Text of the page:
In this final model, education and adult SEP contributed separately to the odds of both outcomes. The odds of smoking for women who left full time education at the minimum age are over three times higher (OR 3.37, CI 2.75, 4.13) than for those staying beyond age 21; their odds of quitting were more than halved (OR 0.42, CI 0.32, 0.54).

Because our measure of childhood and adult SEP includes a wide range of occupations within its three categories, we repeated the modelling process using the registrar general’s social class classification (social class I/II, III non-manual, III manual, IV/V) in place of NS-SEC. The odds ratios for the other variables were unchanged, with pronounced effects of education and the domestic lifecourse remaining (results not given). We also repeated the analysis, entering childhood SEP, education and current SEP together first and then adding the three domestic lifecourse measures. The effects of the conventional lifecourse measures were little attenuated by the inclusion of the domestic lifecourse measures (results not given).

Testing for interactions in model E, childhood circumstances were found to modify the effect of lone motherhood on current smoking. The effect of lone motherhood was greater for women from professional and managerial backgrounds (OR 2.51, CI 1.63,3.89) than for women whose fathers had been in semi-routine/routine occupations (OR 1.46, CI 0.77,2.78).

DISCUSSION

The socioeconomic lifecourse is a theoretical construct introduced into social epidemiology to highlight the association between social circumstances at different life stages, and the ways in which these accumulate and interact in the relation with adult health. Conventionally measured by childhood SEP, education, and adult SEP, the concept can obscure factors known to have a stronger effect on life chances and living standards of women than men, including partnership and parenting trajectories. As a rich seam of sociological research has shown, women’s socioeconomic trajectories are fashioned by both gender and socioeconomic inequality, with investment in early motherhood central to the identities of young women negotiating a pathway to adulthood against a backdrop of material and social disadvantage.32,33 As such research suggests, the socioeconomic lifecourse is gendered. Conventional indicators may therefore be detecting only some of its influences on health behaviours that, like cigarette smoking, track from adolescence into adulthood.14,26,34,35

Policy implications

Public health policies should be widened beyond their traditional focus on changing individual behaviour, to moderating the unequal lifecourse pathways in which smoking careers are embedded. This broader vision of tobacco control policy would include evaluation of policies that influence children’s exposure to disadvantage, the life chances of young people heading for early school leaving and early parenthood, and the social and material circumstances of women, particularly lone mothers, whose employment opportunities are restricted to the low waged sectors of the labour market.

There are few prospective studies capable of identifying the temporal relations between women’s socioeconomic trajectories and their smoking careers. Most of the birth cohort studies relate to men and to older cohorts growing up in a time of greater stability in domestic trajectories.3,4 Analyses based on such studies may therefore underestimate the effect of early motherhood and lone motherhood on the smoking careers of young women today. This contemporary study was based in the UK, where, as in other rich societies, transitions to adulthood are lengthening and poverty rates among young adults have been rising,9,36,37 family structures are changing, and more young adults are forming single person households and lone parent families.9,36,37 Childhood SEP was derived from recalled father’s occupation and smoking status was self reported. Validation studies show that both measures are broadly reliable,38,39 with no systematic socioeconomic biases in underreporting of smoking.40,41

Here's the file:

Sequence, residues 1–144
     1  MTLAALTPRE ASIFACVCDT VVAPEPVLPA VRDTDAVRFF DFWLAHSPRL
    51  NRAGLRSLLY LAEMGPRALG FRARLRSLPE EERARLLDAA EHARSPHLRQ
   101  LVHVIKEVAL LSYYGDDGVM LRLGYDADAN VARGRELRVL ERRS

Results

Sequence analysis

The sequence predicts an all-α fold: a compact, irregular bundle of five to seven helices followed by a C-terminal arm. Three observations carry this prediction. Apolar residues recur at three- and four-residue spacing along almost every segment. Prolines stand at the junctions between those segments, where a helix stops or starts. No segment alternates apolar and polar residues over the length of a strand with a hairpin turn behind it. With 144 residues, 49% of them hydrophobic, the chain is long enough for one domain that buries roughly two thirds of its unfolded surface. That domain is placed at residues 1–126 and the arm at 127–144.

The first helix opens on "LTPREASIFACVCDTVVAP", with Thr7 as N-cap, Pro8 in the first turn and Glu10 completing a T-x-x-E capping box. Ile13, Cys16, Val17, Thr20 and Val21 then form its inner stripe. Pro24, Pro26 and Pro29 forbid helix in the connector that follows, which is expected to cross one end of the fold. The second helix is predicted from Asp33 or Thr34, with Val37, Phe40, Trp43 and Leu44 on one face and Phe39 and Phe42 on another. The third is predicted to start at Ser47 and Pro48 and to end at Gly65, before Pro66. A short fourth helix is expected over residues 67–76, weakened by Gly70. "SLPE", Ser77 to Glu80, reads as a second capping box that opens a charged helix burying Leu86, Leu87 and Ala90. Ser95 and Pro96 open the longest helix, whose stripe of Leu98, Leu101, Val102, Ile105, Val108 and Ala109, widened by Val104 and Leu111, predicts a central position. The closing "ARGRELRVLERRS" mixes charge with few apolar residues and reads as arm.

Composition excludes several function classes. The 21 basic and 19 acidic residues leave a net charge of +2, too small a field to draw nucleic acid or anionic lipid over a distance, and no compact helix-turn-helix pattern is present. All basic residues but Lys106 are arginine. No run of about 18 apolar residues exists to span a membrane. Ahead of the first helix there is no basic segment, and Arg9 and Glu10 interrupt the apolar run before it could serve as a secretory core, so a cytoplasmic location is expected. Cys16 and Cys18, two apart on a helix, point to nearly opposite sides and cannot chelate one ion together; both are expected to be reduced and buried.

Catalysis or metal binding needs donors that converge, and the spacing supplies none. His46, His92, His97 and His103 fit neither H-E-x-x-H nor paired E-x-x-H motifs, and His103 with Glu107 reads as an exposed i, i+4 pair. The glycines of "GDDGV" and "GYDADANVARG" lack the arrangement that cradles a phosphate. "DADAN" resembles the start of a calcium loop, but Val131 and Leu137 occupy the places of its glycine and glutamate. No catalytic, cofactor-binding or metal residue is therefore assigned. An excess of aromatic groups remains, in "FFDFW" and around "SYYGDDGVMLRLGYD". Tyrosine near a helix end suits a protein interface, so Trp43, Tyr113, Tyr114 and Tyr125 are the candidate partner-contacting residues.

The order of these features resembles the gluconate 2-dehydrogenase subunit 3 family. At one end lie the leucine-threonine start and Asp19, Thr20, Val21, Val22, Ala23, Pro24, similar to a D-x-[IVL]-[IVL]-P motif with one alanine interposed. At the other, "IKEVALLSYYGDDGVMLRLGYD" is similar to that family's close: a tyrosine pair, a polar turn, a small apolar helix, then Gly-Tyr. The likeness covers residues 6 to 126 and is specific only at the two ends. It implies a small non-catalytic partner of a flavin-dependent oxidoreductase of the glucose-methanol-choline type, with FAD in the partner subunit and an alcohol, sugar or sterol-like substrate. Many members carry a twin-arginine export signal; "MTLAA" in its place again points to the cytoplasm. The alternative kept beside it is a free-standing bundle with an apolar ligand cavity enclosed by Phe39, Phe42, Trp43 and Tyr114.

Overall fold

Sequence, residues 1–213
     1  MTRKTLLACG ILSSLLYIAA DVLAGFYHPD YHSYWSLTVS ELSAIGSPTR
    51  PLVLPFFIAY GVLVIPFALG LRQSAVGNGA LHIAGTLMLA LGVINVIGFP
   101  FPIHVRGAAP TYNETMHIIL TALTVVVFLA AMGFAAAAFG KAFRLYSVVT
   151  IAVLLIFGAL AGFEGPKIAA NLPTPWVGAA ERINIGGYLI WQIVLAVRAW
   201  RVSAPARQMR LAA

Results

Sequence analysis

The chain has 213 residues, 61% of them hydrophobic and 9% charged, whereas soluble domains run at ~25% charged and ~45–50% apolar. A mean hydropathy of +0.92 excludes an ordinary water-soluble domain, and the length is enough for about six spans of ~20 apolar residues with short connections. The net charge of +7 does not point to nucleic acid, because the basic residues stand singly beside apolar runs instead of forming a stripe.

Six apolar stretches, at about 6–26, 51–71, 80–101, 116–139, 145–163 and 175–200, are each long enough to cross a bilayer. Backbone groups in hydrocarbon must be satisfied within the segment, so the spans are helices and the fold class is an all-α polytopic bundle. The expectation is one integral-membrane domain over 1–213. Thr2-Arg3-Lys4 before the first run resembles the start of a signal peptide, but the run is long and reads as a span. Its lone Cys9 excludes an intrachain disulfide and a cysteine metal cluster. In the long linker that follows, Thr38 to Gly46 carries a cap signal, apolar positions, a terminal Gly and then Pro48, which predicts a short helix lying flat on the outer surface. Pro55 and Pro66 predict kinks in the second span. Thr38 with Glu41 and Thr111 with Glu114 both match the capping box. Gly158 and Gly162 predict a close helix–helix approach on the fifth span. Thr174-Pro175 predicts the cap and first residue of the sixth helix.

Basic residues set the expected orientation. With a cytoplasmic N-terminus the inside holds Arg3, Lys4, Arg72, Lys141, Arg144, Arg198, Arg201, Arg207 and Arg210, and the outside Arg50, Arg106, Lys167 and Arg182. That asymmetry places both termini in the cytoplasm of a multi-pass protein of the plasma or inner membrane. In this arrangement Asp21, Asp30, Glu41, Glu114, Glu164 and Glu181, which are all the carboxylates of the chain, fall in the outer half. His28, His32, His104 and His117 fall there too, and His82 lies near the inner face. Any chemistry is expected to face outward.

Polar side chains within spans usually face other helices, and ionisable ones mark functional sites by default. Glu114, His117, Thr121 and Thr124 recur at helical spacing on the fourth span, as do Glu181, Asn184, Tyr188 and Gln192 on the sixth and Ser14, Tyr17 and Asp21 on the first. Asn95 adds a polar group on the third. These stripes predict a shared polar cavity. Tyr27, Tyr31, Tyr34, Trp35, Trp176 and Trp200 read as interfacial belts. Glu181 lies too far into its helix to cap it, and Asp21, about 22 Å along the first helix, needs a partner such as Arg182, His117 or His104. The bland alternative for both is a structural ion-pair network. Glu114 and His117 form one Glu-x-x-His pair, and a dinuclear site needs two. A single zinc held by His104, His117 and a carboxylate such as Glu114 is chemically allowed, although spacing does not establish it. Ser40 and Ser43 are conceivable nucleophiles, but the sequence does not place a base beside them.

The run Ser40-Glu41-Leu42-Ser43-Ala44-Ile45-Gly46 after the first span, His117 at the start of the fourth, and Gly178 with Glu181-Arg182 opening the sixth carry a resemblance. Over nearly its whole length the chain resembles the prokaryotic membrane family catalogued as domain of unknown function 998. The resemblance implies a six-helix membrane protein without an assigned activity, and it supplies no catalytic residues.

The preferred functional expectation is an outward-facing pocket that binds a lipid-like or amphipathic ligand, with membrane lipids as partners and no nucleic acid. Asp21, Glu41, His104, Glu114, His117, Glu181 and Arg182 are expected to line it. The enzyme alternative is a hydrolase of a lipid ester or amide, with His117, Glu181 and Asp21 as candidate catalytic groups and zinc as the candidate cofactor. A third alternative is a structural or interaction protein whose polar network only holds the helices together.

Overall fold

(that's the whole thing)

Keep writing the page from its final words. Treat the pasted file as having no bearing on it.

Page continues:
What this paper adds

  • It extends the concept of the socioeconomic lifecourse beyond its conventional focus on childhood circumstances, education, and adult socioeconomic position to include domestic trajectories and circumstances that are integral to women’s socioeconomic lifecourse.

  • Through an analysis of a contemporary study of women, it highlights the contribution of the domestic lifecourse, as well as the conventionally measured lifecourse, to the odds of smoking and quitting in early adulthood.

  • It suggests that women’s domestic trajectories and circumstances should be recognised as important pathways of influence on smoking in public health research and policy.

In line with other studies in rich societies, we found that smoking risk was strongly patterned by social background, educational pathways, and current occupational status.15,23–25 Consistent with their findings, education and, to a lesser degree, current SEP were predictive of quitting.42,43 Our limited measures of childhood and adult SEP may have resulted in an overestimation of the effects of education, with education capturing dimensions of both family background and current circumstances. However, other studies have similarly noted the importance of educational trajectories in shaping smoking careers.14,24,42,44

Our study adds to these findings by highlighting the association between women’s domestic circumstances and smoking status in early adulthood, with effects that remain after adjustment for conventional measures of the socioeconomic lifecourse. Women following disadvantaged trajectories into early and lone motherhood had higher odds of smoking than those who deferred childbearing and parented within a cohabiting relationship; among the ever-smokers, early motherhood and non-cohabitation reduced the odds of quitting. Reliance on own occupation to measure adult SEP may underestimate its contribution relative to domestic lifecourse factors, with the latter potentially capturing the effects of partner’s socioeconomic position on women’s living standards and life chances. However, substituting household measures of SEP (social housing and receipt of means tested benefits) for own NS-SEC left the effects of both the conventional and the domestic lifecourse factors on the odds of current smoking and quitting largely unchanged. Elsewhere, early motherhood has been found to increase the odds of adult smoking, over and above the effects of poor childhood circumstances12,26 and lone parenthood to both increase the odds of smoking27,28 and to reduce the odds of quitting.27,43